You are one of the originators of house music, but in almost every interview you give you always say that Jesse Saunders played an important part, but he didn't have nearly as many big records as you and some of the other guy's from Chicago. Why do you count him as being so important? Was he a friend of yours?
No, he was never a friend, he was like the man. He was the first one to come out with records. If he'd hadn't have come out with those records like 'On and On', none of us would have done it. If him and Vince Lawrence hadn't put those out I would never have made a single record. I would still probably be working at the post office or something.
Jesse was a known DJ. I was a DJ too and I thought, well, I can make records just like Jesse. That's how I started. It gave me the confidence to start making music.
One of your tracks, 'Ride The Rhythm' by On The House, has one side mixed by Frankie Knuckles and one side mixed by Ron Hardy. What was the idea behind doing that, giving a side each to these guys to do the mix? And which is your favourite mix of it?
Well, they were the top two house DJs in the city and they both wanted to mix the song, especially after the success of the previous single 'Move Your Body', so it was kinda non-negotiable [laughs]. I kinda had to let them do it... or else! [laughs] For me, I think Ron Hardy's mix is a little more energetic.
The Free Yourself EP by Virgo is one of my favourites. I love the drum programming, the space in the music and the melodies. It sounds like music from outer space to me. Was science fiction ever an influence to you?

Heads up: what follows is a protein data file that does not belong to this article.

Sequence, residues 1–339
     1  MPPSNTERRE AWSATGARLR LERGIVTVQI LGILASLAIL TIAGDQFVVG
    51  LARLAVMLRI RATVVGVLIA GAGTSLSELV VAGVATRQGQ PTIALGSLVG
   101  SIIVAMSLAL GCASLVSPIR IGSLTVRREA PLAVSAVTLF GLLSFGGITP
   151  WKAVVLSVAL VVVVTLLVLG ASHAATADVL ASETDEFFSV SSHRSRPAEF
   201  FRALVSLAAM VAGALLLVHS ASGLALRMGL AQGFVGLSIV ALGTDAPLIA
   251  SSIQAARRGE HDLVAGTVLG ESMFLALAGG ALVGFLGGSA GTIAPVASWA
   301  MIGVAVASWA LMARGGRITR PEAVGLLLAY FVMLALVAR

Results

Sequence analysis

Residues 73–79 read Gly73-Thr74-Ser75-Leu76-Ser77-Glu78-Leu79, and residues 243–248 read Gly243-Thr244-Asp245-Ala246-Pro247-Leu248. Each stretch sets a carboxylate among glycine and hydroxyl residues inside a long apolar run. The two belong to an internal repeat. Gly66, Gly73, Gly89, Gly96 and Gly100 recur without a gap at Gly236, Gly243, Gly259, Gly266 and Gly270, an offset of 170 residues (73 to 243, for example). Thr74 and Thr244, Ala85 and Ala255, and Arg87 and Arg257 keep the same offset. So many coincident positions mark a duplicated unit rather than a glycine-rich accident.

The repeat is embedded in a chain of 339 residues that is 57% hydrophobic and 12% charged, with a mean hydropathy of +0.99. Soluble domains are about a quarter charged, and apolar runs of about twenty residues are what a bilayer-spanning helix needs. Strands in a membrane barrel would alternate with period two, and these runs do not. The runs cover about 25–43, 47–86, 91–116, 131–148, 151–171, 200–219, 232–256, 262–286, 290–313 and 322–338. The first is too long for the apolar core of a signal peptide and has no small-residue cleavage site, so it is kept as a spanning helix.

Oh, yeah. I was always heavily into science fiction. All the way back to Jules Verne and Star Trek. I'm not really a Star Wars fan though. There's not enough sex in it for me. Captain Kirk screwed everything, so I was into Star Trek. I was a big time Trekkie.
In the Ragtyme song 'I Can't Stay Away' Byron sings that for 'a chance to see you smile I would wrestle crocodiles'. That doesn't sound like a very good idea to me.
Were crocodiles a big problem in Chicago for people going on early dates?
Naw, naw, naw [laughs]. No crocodiles in Chicago, Byron was just writing a narrative. I guess he really wanted that girl! [laughs]
Why did Ragtyme change their name to Ten City?
Well, actually Ragtyme was Byron Stingily and Byron Burke. We went to New York and all the majors wanted Byron (Stingily) as a solo act. But he said "I always wanted to be in a group." So we decided to do a group. He brought Byron Burke and got Herb Lawson, the guitarist, and formed Ten City.
I came up with the name. It was short for Intensity. It had a dual meaning. The number ten was like perfect, ten out of ten, so it was the perfect city, the perfect place to go and jack your body.
Was the Ten City album your first album project? How was it different? A lot of your 1980s productions were written in a home studio, but the Ten City albums, certainly by 1990's State Of Mind, have a lot more going on in them musically and in the production than some of your earlier releases. How was that experience for you?
Well, actually it was my second album. The first album I had done was with On The House, but it was never released because of legal stuff with Trax records. Producing those albums was a lot more interesting and fun. The whole set up was a lot more preferable creatively.
At the home studio you're just laying down beats, but when you go to the big studio you've got to worry about the way you're recording it, the musicians who come in to play on it. Maybe they're not playing it well sometimes. You might have to pick one string player out of an eleven piece string section who's not doing it properly or the drummer isn't in tune with what else is down.
There's all kinds of things that you learn and it's fun, but it's a little bit too much to work with technically.
Byron sometimes reminds some people of Sylvester. Do you think that's a fair comparison?
Well, yeah. They both sing high. Byron had a lot more power I believe. I think maybe a more appropriate comparison might be with Philip Bailey of Earth, Wind and Fire. Sylvester sang falsetto. Byron's high tenor was diaphragmed (sic).